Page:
STEVE INSKEEP, host:
It is Friday, which means once again we bring you StoryCorps, the oral history project that's traveling the country, collecting interviews between friends and family, and giving us the chance to learn about our fellow Americans' lives. Copies are archived at the Library of Congress and excerpts are played right here on MORNING EDITION. This morning, we're going to meet Sean Collins, who comes from three generations of doctors. He's a medical student at Cornell. Recently, he brought his grandfather Richard Collins to a StoryCorps booth. Dr. Collins is 81 years old, a retired country doctor. He practiced in a small town in upstate New York. And here, Dr. Collins tells his grandson about a couple of pranks he pulled when he was a student; first took place when he was in fourth grade in Catholic School.
Dr. RICHARD COLLINS: Sister would go out and ring the bell, and that signified that anybody who came in after that bell was late and got a demerit of some kind, and I was a chronic, a problem I had getting up a little late. And I grew to hate that bell. One time, I stole back to the school and went in the window and stole that bell, and the next day, there was hell to pay because somebody had taken that bell. Sister said it was a sin against the school, it was a sin against the sisters, sin against the faith, sin against the pope, and I knew it was such a terrible sin that I--no way I could bring the shame on my family to confess that. Of course, sisters came and sisters went, and popes even came and popes went.
Mr. SEAN COLLINS: And what did you end up doing with the school bell?
Dr. COLLINS: I still have it. It's by my bedside and I joyfully ring it every now and then.
Mr. COLLINS: What about as you got older, going through school? The story about you seeing a woman who--I'm not sure if she was a psychiatric patient.
Dr. COLLINS: Oh, Mrs. Peppatone(ph). This was when I was a medical student. One of my sisters for my birthday gave me a clip-on bow tie that had a red bulb on each side and a wire that went inside your shirt and down to a battery in your pocket, and if you pressed the battery, the tie would glow red. I thought it was a pretty dumb gift actually when I got it, but we got a patient on the floor named Mrs. Peppatone. Her main complaint was that she was full of electricity and she would tell in this Italian accent, you know, `I'm full of electric.' She was a conundrum for everybody. Nobody knew what to do with her, and one day, we had rounds, and I thought, I'm going to wear my necktie and see what we can do with Mrs. Peppatone.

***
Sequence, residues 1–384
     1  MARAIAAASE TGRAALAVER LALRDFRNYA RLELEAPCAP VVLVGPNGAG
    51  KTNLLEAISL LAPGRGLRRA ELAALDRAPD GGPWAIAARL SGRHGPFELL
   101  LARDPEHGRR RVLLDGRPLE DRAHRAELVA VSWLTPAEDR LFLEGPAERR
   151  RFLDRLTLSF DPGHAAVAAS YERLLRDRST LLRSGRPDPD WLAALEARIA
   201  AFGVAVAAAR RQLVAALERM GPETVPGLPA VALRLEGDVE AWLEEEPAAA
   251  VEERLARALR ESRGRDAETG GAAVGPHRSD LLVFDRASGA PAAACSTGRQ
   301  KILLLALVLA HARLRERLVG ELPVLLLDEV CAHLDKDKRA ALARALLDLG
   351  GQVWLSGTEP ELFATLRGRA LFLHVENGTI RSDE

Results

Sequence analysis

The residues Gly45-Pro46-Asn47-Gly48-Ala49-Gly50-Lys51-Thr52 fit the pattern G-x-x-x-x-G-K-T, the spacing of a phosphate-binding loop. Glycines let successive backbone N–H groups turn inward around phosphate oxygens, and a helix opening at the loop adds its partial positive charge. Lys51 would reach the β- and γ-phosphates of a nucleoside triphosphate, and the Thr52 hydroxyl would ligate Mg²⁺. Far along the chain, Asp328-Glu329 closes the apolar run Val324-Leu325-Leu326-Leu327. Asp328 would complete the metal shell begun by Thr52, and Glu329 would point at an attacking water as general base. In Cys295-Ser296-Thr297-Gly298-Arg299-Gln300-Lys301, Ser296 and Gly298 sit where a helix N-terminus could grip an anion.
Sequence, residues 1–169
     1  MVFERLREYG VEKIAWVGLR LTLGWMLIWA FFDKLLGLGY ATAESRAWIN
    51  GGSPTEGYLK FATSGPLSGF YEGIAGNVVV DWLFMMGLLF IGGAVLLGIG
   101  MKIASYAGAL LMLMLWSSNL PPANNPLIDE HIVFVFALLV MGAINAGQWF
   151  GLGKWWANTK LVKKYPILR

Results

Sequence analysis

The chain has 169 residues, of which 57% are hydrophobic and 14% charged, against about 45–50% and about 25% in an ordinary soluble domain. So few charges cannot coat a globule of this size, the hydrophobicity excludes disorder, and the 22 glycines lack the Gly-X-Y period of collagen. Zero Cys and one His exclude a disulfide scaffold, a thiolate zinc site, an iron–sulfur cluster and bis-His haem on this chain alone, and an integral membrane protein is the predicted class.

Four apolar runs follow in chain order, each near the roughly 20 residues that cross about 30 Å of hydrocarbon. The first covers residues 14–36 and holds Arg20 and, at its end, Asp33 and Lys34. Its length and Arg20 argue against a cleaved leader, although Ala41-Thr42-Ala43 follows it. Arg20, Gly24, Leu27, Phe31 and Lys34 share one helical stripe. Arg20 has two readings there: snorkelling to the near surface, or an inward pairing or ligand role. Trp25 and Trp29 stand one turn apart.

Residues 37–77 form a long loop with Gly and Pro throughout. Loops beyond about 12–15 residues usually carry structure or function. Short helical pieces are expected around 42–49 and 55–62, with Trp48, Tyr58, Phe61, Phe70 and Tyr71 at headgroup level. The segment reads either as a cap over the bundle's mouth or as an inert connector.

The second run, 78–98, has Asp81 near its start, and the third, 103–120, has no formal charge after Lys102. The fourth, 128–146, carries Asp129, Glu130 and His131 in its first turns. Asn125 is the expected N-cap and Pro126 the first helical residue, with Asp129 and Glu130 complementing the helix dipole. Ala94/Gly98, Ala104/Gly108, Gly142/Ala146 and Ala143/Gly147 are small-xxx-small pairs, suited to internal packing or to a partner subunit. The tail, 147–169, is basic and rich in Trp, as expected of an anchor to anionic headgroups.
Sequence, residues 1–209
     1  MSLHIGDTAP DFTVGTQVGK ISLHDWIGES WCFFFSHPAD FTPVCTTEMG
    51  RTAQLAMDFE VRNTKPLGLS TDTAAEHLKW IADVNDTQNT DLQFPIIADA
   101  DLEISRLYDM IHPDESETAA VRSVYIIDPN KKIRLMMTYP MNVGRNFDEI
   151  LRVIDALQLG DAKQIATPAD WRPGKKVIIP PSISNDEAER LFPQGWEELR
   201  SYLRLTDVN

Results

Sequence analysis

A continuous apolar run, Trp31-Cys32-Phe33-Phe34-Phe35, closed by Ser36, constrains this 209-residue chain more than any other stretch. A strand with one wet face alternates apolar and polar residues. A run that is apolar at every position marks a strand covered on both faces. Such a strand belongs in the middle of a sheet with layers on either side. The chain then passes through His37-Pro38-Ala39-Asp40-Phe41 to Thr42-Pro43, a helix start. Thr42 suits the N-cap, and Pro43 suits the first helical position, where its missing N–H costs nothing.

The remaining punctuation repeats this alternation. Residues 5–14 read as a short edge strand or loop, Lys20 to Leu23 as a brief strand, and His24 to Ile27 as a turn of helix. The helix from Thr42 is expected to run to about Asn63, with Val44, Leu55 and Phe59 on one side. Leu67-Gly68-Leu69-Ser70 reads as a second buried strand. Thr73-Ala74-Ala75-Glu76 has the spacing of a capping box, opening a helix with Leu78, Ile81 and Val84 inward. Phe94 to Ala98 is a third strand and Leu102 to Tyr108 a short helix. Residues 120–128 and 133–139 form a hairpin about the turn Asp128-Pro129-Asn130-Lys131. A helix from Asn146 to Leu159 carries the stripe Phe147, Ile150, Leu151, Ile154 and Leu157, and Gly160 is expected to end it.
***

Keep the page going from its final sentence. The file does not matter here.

While they were mulling her case, I suddenly pronounced that, `Mrs. Peppatone, I'm going to cure your electric.' So I walked over to her. I said, `I'm going to put my hand on your forehead. I want you to push out the electric.' So she pushed and pushed and I pressed the battery in my pocket and my necktie lit up, and she says `It's a'going, it's a'going. It's leaving my body.' So she was discharged the next day. And the rounding man came up to me privately. He said, `I don't think I would tell the professor about that quackery.'
INSKEEP: That's Dr. Richard Collins interviewed by his grandson, Sean Collins. StoryCorps has two mobile booths that are traveling the country. One is now in Tuscaloosa, Alabama, and the other in Medford, Oregon. And as always, you can find StoryCorps in New York City. To schedule your interview or listen to more stories, just visit npr.org.
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